Manchester has a credible claim to be the capital of the north, a city with a long, industrious history, which has successfully reinvented itself.
A lively conurbation, with a vibrant shopping centre, a smattering of cultural attractions and a thumping nightlife. Rather than turn its back on its industrial heritage, the city has embraced it. Several of the museums focus on this history and many of the old mills and other industrial landscape has been sensitively and tastefully absorbed into modern Manchester.
Manchester, hasn’t forgotten its roots
Quirky street art in the Northern Quarter, fashionable coffee houses, lively street markets, independent eating houses offering wholesome northern fare, with original and contemporary twists can be discovered next to large chain department stores and restaurants.
Traditional and modern pubs sit comfortably side by side, offering a variety of cask ales or cocktails and live music is available somewhere every night of the week.
Living within a comfortable distance of the city, allowing me to visit when I wish, and escape at other times, allows me to provide a local and visitors perspective of the city. Here’s how I spend a day in Manchester.
Starting out early, first stop has to be the Koffee Pot, almost a Manchester institution, offering great value breakfasts and brunches, it’s ideal for meeting up with friends before attacking the city.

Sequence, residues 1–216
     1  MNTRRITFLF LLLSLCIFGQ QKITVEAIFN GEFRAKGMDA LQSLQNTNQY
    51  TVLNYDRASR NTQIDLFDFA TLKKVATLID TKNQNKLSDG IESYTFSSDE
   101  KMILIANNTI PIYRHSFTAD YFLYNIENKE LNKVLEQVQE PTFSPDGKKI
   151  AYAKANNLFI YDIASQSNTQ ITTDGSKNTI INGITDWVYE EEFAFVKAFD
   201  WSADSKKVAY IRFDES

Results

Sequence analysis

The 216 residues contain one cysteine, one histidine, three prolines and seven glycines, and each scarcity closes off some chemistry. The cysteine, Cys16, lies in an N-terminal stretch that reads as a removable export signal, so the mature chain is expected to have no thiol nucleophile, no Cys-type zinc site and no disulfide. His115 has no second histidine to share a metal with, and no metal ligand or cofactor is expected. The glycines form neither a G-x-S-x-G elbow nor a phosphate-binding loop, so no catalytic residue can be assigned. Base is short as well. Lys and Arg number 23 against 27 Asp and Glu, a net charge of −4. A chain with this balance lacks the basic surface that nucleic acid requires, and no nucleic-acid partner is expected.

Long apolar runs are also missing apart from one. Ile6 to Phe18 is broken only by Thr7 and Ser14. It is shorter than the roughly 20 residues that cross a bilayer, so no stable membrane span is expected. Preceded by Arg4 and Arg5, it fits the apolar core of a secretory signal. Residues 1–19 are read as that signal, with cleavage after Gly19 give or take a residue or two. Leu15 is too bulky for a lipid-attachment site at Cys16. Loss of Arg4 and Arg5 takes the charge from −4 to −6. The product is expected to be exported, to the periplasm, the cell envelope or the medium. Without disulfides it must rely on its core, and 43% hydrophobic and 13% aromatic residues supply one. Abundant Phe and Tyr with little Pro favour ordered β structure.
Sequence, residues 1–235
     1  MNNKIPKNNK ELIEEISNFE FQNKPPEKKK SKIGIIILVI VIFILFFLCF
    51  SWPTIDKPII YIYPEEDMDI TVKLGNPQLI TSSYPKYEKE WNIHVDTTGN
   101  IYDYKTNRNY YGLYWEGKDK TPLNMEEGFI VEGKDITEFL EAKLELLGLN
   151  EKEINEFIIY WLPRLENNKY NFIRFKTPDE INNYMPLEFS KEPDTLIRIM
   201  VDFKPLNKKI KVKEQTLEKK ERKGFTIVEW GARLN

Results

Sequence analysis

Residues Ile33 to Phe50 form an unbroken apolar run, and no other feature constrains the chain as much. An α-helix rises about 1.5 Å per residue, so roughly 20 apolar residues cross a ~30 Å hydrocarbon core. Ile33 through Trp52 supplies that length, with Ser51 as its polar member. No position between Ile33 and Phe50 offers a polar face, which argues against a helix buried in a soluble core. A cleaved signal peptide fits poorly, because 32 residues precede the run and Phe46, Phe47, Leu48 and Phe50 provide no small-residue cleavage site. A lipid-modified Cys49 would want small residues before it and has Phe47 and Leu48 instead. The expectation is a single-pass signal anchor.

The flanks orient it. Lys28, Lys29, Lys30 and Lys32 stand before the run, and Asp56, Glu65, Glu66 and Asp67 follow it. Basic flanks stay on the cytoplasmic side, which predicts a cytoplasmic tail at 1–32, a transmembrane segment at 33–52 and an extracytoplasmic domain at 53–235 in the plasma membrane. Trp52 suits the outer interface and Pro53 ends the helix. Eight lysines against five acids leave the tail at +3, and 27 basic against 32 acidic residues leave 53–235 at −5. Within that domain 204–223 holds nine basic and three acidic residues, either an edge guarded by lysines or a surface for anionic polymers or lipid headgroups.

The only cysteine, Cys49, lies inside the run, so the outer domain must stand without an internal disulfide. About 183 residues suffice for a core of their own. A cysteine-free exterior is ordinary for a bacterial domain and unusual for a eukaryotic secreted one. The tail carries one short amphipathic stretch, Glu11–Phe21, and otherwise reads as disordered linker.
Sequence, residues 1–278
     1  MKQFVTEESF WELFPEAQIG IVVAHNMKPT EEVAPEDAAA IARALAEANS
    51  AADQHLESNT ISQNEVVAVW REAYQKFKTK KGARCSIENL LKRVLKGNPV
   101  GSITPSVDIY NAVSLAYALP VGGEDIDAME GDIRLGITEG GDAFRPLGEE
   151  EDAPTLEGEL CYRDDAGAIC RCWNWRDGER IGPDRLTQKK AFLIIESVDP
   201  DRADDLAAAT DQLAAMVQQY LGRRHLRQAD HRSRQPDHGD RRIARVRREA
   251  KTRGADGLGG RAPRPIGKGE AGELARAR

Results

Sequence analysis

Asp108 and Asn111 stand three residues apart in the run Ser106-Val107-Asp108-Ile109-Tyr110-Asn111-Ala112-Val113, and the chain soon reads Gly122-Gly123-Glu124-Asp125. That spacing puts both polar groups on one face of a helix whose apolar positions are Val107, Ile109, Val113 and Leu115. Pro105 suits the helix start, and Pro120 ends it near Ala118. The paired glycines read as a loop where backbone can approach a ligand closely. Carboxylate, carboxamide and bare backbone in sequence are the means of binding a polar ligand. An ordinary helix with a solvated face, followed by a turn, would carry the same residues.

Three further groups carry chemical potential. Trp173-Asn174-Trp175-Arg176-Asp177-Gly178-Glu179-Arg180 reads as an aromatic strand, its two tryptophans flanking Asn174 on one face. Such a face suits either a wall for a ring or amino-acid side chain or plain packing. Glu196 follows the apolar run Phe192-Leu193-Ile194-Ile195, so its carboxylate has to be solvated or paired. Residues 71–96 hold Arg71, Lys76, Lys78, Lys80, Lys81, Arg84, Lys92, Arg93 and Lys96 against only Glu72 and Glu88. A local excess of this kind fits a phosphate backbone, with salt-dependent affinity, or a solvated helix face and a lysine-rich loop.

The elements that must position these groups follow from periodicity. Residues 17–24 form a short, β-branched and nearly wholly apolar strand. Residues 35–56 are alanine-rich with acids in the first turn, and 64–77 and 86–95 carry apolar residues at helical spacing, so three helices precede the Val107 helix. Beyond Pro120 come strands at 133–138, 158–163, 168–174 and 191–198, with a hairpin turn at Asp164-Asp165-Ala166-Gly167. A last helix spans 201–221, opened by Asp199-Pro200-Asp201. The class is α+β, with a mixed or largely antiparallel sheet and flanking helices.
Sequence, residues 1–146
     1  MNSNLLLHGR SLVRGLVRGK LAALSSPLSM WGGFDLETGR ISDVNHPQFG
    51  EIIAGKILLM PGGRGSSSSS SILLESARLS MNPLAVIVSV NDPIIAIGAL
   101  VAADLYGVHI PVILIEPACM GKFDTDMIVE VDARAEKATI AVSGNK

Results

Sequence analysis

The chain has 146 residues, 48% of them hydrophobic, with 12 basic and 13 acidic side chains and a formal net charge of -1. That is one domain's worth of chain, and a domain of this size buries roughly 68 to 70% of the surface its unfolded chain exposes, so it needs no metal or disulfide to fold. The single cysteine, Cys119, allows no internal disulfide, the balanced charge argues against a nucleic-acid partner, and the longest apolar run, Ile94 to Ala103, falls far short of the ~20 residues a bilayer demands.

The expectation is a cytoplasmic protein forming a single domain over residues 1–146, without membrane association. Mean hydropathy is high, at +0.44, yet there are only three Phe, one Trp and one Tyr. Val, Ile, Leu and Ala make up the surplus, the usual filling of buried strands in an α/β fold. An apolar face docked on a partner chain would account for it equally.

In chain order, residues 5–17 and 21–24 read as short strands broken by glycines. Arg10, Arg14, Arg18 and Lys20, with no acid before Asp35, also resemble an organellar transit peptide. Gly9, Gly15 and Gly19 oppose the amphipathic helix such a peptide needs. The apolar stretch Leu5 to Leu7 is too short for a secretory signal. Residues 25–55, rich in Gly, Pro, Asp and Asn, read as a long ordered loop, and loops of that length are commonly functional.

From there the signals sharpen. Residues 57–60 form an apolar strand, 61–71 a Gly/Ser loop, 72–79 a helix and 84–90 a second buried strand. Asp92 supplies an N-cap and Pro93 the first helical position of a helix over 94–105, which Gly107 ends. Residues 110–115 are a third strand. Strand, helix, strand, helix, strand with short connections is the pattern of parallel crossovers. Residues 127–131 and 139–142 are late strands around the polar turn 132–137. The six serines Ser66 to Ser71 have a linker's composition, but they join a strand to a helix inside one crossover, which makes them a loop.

Fully fuelled, a must visit for any visitor to Manchester is the Museum of Science and History, a personal favourite. It demonstrates the links the city has to the past, and a future, with many fascinating, interactive displays. The only issue maybe dragging yourself away, as to do it justice really needs most of a day and most of it is free.
Heading back to the city centre, grab a coffee from the Fig and Sparrow, though the menu is likely to tempt those already hungry. Then, weather permitting head to Piccadilly Gardens. On the weekend the small food and craft market should be open, which is worth a browse, otherwise just soak up the comings and goings of the popular meeting point over your coffee.
A city with soul
Those that haven’t already succumbed will be glad they held out, as stopping off for a quick snack at Northern Soul street food restaurant is ample reward.
Manchester is a football city, home to two of the biggest clubs in Europe. Visiting on match day will find many of the pubs awash with colour, red or blue depending on which team is playing. Be warned though, the language is likely to be equally colourful, but a derby day visit can be as exciting and worth overhearing the occasional profanity.
Discover more around the city here: Mabon in Manchester – The Post Nobody will Read
In a city which celebrates the beautiful game so enthusiastically, it seems appropriate to visit one of the newest museums; the National Football Museum. Housed in the futuristic Urbis building, armed with historical artefacts and trivia, there is plenty to see and enjoy for both football supporter and long suffering partner alike, best of all it’s also free.